Health-care professionals, such as doctors, were appointed to the HSC's medical staff. As such they were not employees, but were professionals with a hospital appointment. They had hospital privileges, which meant that they were allowed to work in the hospital. As will be seen later in this report, professionals with a hospital appointment enjoyed a degree of autonomy that employees such as nurses did not enjoy.
Every member of the medical staff was appointed to a specific department. However, staff members could have more than one appointment. In such cases, the member had a primary appointment and a secondary appointment.
The medical staff was governed by the HSC's medical staff bylaws. (Exhibit 41) According to these bylaws, the medical staff were responsible:
To accomplish this, the medical staff was expected to maintain an effective system for making recommendations for the appointment, reappointment and the delineation of privileges. In addition, the bylaws stated that the medical staff should:
In short, the medical staff were responsible to the board for the "quality of patient care, education and research." (Section 4.1.11)
Members were appointed and reappointed to the medical staff on the basis of the recommendation of the Medical Advisory Committee. This committee made its decision based on applications submitted to it by the appropriate department head. According to the medical staff bylaw, Section 5.2.21,
In addition, the board, when deciding on an application, considered past performance in quality of patient care, ability to work with colleagues and staff, and contribution to administration and committee work.
Members of a department were responsible to the section head and the department head for meeting standards of patient care, performance of teaching and research duties, performance of administrative responsibilities, and appropriate attendance at meetings.
Each department was expected to have its own Department Council to act as a forum for communication and discussion between the department head and members of the department. As well, the Department Council could:
The Department Council comprised all members of the department (except for honourary and educational members) and persons who the council believed might be appropriately included in membership because of their association with the department.
Medical Staff Council
The Medical Staff Council was composed of the medical staff at the Centre and was intended to represent the interests of the medical staff. The council consisted of members of the active staff, members of the provisional staff and members of the scientific staff.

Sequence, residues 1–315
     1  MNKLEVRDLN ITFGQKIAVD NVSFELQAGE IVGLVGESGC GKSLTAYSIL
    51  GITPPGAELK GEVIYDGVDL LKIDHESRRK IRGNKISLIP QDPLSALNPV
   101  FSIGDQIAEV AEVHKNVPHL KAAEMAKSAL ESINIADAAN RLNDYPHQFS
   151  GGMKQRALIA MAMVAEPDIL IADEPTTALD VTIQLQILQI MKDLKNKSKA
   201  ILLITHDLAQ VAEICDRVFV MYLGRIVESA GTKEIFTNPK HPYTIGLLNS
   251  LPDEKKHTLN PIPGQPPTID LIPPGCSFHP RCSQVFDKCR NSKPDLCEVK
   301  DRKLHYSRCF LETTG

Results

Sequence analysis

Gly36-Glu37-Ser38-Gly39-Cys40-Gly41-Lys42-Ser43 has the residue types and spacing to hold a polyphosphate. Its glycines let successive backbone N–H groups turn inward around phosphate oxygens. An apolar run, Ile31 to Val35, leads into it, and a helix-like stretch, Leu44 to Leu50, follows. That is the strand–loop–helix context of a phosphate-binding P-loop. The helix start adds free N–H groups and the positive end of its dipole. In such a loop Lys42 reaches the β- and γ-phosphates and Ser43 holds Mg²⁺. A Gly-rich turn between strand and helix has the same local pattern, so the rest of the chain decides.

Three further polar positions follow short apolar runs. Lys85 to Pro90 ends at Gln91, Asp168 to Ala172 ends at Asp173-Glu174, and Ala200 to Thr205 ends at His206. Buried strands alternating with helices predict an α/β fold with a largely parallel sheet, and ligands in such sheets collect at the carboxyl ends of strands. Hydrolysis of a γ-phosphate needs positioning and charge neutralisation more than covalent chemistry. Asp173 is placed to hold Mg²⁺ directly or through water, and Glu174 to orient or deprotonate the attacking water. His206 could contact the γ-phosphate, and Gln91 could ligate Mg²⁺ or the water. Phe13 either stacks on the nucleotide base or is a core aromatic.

Medical Advisory Committee
The Medical Advisory Committee was the senior patient care committee responsible for advising the board on all matters concerning medical policy and issues.
According to the HSC bylaws, the main duties of the Medical Advisory Committee included:
The Medical Advisory Committee's membership included a Senior Vice-President, who acted as the chair. (Both before and after June 1, 1994 this position was occupied by Sutherland.) Other members included the President of the Medical Staff Council, three other officers of the Medical Staff Council, the department heads of the various medical departments and the Dean of the School of Medicine. The committee's non-voting members included the President of the HSC, the Senior VP of Operations, Senior VP of Nursing, Senior VP of Corporate Planning, the HSC Director of Research and the Director of Medical Administration. The Medical Advisory Committee met at least ten times a year.
HSC medical staff received their income in a variety of ways, besides the payment they might receive from the University of Manitoba for their academic duties. Department heads, section heads and subsection heads were paid by the HSC. In addition, they were entitled to bill the Manitoba government for medical services that they performed in the hospital. Surgeons, anaesthetists and other doctors similarly received a combination of direct payments and fee-for-service payments.
The members of the section of pediatric anaesthesia had established an arrangement with the hospital that introduced an element of income sharing to the manner of their remuneration. Essentially, members of the section performed their services and each was paid on the basis of the earnings received by the entire section (less an administrative fee).
|Current||Home - Table of Contents - Chapter 4 - Medical staff|
|Section 1||Chapter 1 - Introduction to the Issues|
|Chapter 2 - Pediatric Cardiac Issues|
|Chapter 3 - The Diagnosis of Pediatric Heart Defects and their Surgical Treatment|
|Chapter 4 - The Health Sciences Centre|
|Section 2||Chapter 5 - Pediatric Cardiac Surgery in Winnipeg 1950-1993|
|Chapter 6 - The Restart of Pediatric Cardiac Surgery in 1994
January 1, 1994 to May 17, 1994
|Chapter 7 - The Slowdown
May 17 to September 1994
|Chapter 8 - Events Leading to the Suspension of the Program
September 7, 1994 to December 23, 1994
|Chapter 9 - 1995 - The Aftermath of the Shutdown
January to March, 1995
|Section 3||Chapter 10 - Findings and Recommendations|
|Appendix 1 - Glossary of terms used in this report|
|Appendix 2 - Parties to the Proceedings and counsel|
|Appendix 3 - List of witnesses and dates of testimony|